When retired police detective Magnus Torval travels to Washington state with his fiance, all that is on his mind is meeting up with friends and marrying the woman of his dreams. That is, until he stumbled over a dead body while fishing in the wilderness. After handing the body, and the case, over to the police in tiny Swiftwater, he tries to go about the business of getting married. But the mystery surrounding the death of a Ukrainian antique dealer, the suspicion around his best friend, a prominent church leader, and the connection of both to a terrible event that happened when the two friends were Soviet soldiers in Afghanistan, draw in not only Torval, but the murdered man's son, who is a local policeman, and a young Ukrainian woman who is visiting for the wedding.
This was a perfectly enjoyable, if somewhat awkwardly written, mystery. The author is a college professor who has also written non-fiction texts, and it shows in his fiction writing. The dialogue is just a little too clunky, the descriptive paragraphs are a little off-kilter. That said, the story itself is engaging. The characters are a unique group of people-you truly get a little bit of everything from this crowd. I especially enjoyed the way the modern day mystery was tied into the Soviet/Afghan War. The history of that region became of interest to me when I was following the oppression of women there under the Taliban, and has become increasingly important to me since we are fighting a war over there now. This book, while fiction, gave me a little more insight than I had before about what it might have been like from the Soviet side of the story. All in all, this was an enjoyable way to spend a few days.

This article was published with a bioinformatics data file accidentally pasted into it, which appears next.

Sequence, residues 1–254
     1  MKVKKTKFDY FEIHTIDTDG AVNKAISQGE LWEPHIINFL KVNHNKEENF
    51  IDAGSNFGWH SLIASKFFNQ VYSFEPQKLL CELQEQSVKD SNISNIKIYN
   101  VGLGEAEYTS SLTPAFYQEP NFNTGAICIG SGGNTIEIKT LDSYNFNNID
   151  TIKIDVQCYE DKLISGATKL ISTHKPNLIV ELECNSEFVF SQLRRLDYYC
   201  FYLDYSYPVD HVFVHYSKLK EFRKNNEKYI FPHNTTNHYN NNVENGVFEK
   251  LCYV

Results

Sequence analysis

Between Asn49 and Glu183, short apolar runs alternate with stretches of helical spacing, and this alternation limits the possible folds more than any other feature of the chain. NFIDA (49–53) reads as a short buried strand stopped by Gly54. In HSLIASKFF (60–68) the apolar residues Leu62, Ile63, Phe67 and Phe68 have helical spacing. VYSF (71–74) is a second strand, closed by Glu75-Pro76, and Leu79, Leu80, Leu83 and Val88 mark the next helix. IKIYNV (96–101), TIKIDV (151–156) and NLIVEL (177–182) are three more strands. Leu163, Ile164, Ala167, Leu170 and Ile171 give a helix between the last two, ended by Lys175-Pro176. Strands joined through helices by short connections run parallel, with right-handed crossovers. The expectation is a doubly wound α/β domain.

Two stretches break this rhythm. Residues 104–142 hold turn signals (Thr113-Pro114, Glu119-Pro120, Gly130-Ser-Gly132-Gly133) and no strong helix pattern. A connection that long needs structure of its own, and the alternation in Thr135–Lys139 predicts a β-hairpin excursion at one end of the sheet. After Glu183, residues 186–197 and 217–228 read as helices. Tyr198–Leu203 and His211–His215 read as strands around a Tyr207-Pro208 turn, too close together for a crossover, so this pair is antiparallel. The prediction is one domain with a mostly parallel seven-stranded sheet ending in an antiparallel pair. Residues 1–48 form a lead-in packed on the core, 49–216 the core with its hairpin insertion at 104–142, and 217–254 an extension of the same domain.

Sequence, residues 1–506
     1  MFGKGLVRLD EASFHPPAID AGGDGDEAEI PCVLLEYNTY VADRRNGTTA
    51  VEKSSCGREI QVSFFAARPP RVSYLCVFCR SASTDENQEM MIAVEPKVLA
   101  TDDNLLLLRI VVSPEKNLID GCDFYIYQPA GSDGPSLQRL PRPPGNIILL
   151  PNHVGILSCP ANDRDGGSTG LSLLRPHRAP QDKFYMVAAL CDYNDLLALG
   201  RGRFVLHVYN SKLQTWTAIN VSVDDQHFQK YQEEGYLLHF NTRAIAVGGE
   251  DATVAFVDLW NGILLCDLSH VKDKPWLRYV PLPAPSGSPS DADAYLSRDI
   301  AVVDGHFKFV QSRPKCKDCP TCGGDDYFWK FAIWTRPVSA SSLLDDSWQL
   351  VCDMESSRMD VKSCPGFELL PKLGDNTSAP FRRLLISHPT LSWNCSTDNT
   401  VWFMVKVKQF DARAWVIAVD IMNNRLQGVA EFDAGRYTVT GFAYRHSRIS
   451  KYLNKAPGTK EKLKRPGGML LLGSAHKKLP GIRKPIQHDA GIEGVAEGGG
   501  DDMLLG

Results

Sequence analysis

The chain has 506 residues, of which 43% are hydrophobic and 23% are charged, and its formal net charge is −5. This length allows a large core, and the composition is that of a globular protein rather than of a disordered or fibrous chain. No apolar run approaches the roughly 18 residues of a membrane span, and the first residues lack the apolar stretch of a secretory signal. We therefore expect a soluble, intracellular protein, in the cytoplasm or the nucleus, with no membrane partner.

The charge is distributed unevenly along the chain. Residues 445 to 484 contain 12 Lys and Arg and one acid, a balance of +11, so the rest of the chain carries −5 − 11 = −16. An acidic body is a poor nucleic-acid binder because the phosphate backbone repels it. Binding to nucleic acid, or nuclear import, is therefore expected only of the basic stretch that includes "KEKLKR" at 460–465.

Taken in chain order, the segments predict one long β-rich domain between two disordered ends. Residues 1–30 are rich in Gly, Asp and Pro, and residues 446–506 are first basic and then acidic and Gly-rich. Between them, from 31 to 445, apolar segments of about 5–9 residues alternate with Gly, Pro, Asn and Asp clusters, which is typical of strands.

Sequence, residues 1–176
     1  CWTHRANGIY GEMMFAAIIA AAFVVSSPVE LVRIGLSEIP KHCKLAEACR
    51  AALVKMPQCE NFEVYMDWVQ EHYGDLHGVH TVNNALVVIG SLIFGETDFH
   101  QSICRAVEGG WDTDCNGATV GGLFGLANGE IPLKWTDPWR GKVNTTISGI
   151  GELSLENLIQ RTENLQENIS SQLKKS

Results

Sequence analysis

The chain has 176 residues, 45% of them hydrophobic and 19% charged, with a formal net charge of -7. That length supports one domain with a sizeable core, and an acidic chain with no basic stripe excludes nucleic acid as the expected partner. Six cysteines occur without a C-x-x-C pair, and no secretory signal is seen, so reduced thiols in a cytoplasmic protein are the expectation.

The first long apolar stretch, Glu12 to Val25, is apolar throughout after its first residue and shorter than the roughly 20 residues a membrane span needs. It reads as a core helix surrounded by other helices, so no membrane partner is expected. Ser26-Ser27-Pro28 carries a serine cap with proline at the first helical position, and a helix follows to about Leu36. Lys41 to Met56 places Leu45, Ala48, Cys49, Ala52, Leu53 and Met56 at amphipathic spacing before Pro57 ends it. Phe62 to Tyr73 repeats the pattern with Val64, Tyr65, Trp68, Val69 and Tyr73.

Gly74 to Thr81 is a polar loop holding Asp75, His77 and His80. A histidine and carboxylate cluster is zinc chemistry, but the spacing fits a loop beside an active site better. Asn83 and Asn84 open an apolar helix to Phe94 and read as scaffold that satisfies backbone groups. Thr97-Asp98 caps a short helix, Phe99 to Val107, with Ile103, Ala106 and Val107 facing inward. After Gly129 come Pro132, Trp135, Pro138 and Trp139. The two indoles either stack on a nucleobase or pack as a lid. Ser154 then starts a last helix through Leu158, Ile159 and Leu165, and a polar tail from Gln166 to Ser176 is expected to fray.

(This was the first book I was asked to review by a publisher, and I got it for free. I know there is probably some official FCC language I am supposed to use for that, but I can't find it, so FCC, if you are one of the 50 people who looks at this blog a day, I'm sorry!)